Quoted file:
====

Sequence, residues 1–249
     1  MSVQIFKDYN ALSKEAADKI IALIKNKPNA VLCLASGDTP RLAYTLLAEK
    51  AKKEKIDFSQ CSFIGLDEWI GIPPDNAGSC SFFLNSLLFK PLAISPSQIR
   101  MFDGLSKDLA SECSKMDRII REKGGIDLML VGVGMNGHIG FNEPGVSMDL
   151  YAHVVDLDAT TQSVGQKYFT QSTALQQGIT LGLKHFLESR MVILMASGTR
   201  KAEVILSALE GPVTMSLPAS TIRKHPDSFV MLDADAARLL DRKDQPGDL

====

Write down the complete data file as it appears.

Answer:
Sequence, residues 1–249
     1  MSVQIFKDYN ALSKEAADKI IALIKNKPNA VLCLASGDTP RLAYTLLAEK
    51  AKKEKIDFSQ CSFIGLDEWI GIPPDNAGSC SFFLNSLLFK PLAISPSQIR
   101  MFDGLSKDLA SECSKMDRII REKGGIDLML VGVGMNGHIG FNEPGVSMDL
   151  YAHVVDLDAT TQSVGQKYFT QSTALQQGIT LGLKHFLESR MVILMASGTR
   201  KAEVILSALE GPVTMSLPAS TIRKHPDSFV MLDADAARLL DRKDQPGDL